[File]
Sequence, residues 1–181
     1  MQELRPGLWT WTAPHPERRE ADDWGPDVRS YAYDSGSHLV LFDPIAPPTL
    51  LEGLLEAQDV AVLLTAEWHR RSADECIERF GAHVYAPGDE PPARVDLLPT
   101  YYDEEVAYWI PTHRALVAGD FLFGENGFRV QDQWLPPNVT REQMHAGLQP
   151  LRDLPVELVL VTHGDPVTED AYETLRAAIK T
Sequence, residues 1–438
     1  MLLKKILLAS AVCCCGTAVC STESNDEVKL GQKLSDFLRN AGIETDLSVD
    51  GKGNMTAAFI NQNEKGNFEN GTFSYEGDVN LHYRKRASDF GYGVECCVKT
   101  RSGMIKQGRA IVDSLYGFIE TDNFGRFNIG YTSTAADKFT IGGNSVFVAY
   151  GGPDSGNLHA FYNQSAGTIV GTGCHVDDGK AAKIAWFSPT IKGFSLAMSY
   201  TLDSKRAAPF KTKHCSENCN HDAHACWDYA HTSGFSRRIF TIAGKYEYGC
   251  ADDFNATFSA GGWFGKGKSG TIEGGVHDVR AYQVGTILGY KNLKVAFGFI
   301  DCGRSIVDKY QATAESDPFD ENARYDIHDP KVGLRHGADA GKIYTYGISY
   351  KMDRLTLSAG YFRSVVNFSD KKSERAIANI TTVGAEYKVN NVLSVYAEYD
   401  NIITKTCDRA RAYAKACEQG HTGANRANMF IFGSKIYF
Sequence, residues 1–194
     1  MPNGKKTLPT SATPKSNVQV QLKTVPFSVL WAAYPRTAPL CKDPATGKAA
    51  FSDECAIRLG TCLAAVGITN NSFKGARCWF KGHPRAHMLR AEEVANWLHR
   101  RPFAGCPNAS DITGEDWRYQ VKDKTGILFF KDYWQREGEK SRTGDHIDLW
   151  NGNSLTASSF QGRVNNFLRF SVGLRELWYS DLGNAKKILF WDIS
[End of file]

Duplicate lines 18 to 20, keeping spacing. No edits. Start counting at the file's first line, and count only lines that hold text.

    51  FSDECAIRLG TCLAAVGITN NSFKGARCWF KGHPRAHMLR AEEVANWLHR
   101  RPFAGCPNAS DITGEDWRYQ VKDKTGILFF KDYWQREGEK SRTGDHIDLW
   151  NGNSLTASSF QGRVNNFLRF SVGLRELWYS DLGNAKKILF WDIS